My Most Significant Diabetes Moment
Taking a look back at the year 2011.
January 2012 — It happens every year, right after Thanksgiving. My sweet and adorable editor cracks her whip and bellows, "Alright you maggots, I want your year in review and I want it now!" Actually, that's not true. She sends out a sweet email saying, "OK boys and girls, it's time to submit your year in review," and then (in the style of Mr. Rogers) she asks us to be her neighbors, and promises to take us out for diabetes-friendly treats, like dark chocolate squares.
Which is why I don't want to piss her off, so I crack the whip on myself and begin wrestling with the process of coming up with something really impressive. So, without further delay I present my most significant diabetes moment from the year 2011!
It occurred on Sunday, October 9, 2011 at 2:44 pm. I was riding my mountain bike on the dirt road behind my house when I got the idea to take a picture of myself with my cell phone. It wasn't for me to be impressed with how I looked as I huffed and puffed through my 18-mile bike ride, but to show some of my inquiring friends my red safety helmet that makes me look so "special."
As it turned out, I really like this photo. It shows that I have taken control of my diabetes, and in the process I have become a fighter, a survivor, and an all-out bicycle warrior. I even get to wear a helmet (at my wife's insistence)!
There were a couple of reasons:
1. I didn't own a bike.
2. Exercise just wasn't my thing.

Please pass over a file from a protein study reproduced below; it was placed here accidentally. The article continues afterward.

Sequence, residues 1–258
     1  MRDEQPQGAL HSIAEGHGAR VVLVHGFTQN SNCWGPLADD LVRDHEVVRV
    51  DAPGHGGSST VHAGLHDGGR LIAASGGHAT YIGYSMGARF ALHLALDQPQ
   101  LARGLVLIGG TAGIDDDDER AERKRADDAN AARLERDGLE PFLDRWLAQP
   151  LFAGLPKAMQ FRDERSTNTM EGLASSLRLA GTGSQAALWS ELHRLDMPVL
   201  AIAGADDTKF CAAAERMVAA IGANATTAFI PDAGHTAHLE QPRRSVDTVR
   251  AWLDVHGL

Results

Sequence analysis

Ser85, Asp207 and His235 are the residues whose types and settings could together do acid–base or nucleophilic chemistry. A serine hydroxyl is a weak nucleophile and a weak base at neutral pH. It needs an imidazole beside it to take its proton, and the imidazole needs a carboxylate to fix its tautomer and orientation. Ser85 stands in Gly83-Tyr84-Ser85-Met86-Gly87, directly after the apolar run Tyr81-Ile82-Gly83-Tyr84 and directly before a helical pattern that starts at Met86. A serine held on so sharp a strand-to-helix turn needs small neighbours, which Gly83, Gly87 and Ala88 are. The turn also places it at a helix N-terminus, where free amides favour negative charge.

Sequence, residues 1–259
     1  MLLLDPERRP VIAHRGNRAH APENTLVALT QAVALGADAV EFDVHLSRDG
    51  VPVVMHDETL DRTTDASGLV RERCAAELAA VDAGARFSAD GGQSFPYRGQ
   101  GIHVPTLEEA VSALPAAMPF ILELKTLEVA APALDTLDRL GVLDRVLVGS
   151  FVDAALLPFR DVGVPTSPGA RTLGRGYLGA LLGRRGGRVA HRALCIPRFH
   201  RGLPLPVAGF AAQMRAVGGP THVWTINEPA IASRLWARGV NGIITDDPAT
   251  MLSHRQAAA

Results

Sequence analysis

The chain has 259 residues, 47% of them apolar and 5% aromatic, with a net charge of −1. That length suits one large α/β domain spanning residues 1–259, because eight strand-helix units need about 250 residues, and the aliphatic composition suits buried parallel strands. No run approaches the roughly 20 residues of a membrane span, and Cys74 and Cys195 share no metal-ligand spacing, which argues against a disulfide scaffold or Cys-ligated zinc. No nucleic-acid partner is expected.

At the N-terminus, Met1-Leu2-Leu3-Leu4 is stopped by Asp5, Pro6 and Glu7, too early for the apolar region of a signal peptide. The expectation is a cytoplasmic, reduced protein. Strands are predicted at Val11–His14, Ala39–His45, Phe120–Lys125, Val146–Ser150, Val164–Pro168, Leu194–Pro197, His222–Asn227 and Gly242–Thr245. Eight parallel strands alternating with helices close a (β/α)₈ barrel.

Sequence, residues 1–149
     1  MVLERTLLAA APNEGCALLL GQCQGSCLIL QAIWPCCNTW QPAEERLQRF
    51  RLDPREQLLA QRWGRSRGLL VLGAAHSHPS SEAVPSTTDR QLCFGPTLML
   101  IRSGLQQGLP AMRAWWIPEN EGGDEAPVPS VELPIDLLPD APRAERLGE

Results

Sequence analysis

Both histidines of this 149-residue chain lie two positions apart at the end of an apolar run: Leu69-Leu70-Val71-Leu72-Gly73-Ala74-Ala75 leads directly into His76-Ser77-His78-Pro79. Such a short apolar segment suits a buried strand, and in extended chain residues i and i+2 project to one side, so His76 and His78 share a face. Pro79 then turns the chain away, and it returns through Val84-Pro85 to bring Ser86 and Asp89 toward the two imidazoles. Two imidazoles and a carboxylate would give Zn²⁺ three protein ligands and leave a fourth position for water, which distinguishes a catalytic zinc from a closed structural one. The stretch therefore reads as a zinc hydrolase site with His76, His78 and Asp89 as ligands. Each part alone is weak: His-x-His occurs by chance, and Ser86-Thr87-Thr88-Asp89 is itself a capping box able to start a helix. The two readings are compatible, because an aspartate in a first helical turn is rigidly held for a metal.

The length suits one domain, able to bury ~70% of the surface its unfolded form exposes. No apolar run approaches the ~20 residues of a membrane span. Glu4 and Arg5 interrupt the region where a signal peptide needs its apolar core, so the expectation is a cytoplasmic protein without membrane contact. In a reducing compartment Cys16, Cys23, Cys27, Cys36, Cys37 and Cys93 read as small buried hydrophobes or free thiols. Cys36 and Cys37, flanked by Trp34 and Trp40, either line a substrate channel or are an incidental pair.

This photo has also helped me realize that I didn't just take control of my type 2 diabetes, but I grabbed that little rat bastard by the throat and squeezed until its little beady eyes bulged out of its head. Sure, it grimaces, growls, and wriggles loose every now and then. This usually results in some weight gain, my A1C rising, etc. However, I eventually regain my grip and keep it relatively subdued. My results for this year have been pretty good. I have an A1C of 6.0, and my weight hovers around 222 pounds.
I don't kid myself or take my control for granted. Diabetes is not necessarily a silent killer, but it is really good at silently damaging one's eyes, kidneys, appendages, etc., long before the diabetes or damage is detected. As one doctor told me during a nutrition class, "By the time a case of type 2 diabetes is diagnosed, the patient already has some kidney damage."
Controlling diabetes head on helps combat those risks of nerve damage, etc. I know that at best I can only control it, that I will never kill it, and that it may eventually kill me. However, my little rat bastard better be ready for one hell of a fight because I will not bow my head and surrender. Somehow I am comforted to know that at least we will die together. I am fine with that, but I want it on my terms.
So, how did your year go? Let me know, I am in the dLife Community.
dLife's Viewpoints columnists are not all medical experts, but everyday people living with diabetes and sharing their personal experiences, most often at a set point in time. While their method of diabetes management may work for them, everyone is different. Please consult with your diabetes care team before acting on anything you read here to find out what will work best for you.
Artichoke Salad (Gluten Free) Sweet & Spicy Thai Marinade Christmas Popcorn Strawberry Gelato Boston Brown Bread Confetti Tuna in Celery Sticks Summer Tomato Soup Cheese Cup (Dairy) Thai Curry Paste Chicken and Pasta Stew With Mushrooms
As I mentioned in an earlier post, one of the benefits that made it cost-effective for me to go with the real healthcare (HSA) plan rather than the phony (HRA) plan is that my company is now covering "preventative" medicines at $0 copay. The formulary for these, as stated by CVS/Caremark (my pharmacy benefits provider), covers all test strips, lancets, and control solutions. I dutifully get my doctor to write up prescriptions for all of my testing needs, submit...